Layer 2 is the Data Link layer. This layer uses a Media Access Controller (MAC) to generate the frames that will be transmitted. As the name suggests, the MAC controls the physical transmission media. The wireless transmission media used for WiFi or 802.11 has different requirements from the wired transmission media used for Ethernet or 802.3, and therefore needs a different MAC and PHY. Note the upper layer software is not aware of or affected by the physical interface.
When transmitting data, this layer adds a header containing the source and destination MAC addresses to the packet received from the Network layer. The frame it creates will then be forwarded to the Physical layer.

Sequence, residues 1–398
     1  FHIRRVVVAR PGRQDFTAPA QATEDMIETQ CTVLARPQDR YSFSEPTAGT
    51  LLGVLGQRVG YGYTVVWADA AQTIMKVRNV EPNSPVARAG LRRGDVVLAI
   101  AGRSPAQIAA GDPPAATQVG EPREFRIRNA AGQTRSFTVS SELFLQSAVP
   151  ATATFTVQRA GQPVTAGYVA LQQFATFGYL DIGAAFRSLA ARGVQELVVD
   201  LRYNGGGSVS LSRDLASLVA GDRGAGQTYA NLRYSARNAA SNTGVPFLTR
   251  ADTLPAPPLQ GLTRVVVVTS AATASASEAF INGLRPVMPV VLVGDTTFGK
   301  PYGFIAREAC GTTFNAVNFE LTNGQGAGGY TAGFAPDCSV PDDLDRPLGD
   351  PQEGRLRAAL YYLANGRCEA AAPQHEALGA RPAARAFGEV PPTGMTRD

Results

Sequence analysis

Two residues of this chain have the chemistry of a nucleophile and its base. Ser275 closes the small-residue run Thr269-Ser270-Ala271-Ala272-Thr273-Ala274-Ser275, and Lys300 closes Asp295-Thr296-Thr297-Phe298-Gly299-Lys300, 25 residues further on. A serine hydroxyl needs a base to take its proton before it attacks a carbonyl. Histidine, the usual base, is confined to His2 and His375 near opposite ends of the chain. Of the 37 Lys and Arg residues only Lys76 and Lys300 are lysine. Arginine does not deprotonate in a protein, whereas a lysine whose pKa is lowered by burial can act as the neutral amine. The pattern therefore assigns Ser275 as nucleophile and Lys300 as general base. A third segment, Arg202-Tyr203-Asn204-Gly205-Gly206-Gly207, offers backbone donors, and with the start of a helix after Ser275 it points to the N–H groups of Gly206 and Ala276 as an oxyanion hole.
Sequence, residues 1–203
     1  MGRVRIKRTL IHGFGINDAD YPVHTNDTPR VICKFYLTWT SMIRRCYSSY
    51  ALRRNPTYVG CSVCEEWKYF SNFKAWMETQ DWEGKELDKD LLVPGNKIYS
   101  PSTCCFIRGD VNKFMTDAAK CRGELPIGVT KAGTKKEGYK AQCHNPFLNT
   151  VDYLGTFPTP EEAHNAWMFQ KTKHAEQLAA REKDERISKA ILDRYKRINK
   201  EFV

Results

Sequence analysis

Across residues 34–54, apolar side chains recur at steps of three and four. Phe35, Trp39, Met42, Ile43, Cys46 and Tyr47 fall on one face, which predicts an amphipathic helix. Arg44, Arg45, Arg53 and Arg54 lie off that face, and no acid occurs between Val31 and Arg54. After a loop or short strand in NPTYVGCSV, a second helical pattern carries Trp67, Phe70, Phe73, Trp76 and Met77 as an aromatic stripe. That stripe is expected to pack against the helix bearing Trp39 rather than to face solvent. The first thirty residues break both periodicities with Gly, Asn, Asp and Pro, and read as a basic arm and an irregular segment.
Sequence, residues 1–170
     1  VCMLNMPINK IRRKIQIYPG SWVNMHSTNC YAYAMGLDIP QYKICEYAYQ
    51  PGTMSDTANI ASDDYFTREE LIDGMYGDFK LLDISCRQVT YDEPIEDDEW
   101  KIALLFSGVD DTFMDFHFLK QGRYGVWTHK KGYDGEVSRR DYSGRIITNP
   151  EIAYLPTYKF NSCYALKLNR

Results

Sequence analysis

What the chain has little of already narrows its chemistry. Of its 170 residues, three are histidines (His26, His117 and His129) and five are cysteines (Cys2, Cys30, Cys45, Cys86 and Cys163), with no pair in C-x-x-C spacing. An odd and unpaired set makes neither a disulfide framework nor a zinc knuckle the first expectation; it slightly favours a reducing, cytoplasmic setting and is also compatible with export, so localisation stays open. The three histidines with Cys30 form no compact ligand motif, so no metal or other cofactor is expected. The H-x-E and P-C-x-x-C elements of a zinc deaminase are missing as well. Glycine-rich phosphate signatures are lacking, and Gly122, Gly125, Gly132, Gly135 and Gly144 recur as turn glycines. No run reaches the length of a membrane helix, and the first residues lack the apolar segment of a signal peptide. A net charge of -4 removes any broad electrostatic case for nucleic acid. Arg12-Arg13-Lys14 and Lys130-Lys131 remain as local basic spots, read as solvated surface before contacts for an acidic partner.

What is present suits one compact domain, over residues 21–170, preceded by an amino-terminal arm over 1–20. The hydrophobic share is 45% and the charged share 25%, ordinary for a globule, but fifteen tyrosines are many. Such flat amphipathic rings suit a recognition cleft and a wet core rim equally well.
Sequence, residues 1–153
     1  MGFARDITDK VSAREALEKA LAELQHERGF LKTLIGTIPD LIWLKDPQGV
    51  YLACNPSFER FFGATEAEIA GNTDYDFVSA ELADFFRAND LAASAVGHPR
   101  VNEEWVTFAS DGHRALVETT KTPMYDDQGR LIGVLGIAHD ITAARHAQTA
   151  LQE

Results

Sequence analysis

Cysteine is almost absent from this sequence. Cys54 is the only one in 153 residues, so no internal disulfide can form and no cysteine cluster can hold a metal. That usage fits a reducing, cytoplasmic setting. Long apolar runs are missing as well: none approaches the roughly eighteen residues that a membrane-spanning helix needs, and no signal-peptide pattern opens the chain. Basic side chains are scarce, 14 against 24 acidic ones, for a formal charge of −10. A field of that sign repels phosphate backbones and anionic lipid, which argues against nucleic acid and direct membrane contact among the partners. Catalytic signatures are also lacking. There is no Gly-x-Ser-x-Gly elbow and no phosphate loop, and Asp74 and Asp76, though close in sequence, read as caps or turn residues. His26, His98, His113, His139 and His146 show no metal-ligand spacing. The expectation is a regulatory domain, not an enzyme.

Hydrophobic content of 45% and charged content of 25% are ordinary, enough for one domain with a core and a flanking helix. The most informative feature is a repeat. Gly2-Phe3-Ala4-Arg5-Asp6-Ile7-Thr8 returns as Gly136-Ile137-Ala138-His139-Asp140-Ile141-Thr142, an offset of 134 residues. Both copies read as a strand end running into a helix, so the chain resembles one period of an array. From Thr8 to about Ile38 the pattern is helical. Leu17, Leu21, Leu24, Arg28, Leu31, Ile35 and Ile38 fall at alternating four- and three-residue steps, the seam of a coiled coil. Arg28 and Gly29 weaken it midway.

When receiving data, this layer is used to determine if the Frame received by the host contains the host’s MAC address. If it does, the data is forwarded up to the Network layer.
Every host on the network has at least one MAC address. Laptops typically have two: one for the wired LAN and one for the wireless LAN. Home routers also typically have two MACs: one for the local network and one for the Internet.
Most switches are referred to as “layer 2” devices because they route frames based on their MAC addresses.
Ethernet and WiFi Frame Format
As you probably guessed, the Data Link layer adds more than just the source and destination MAC addresses to the packet. Note the Media Access Controller for Ethernet and WiFi are different and generate different frames.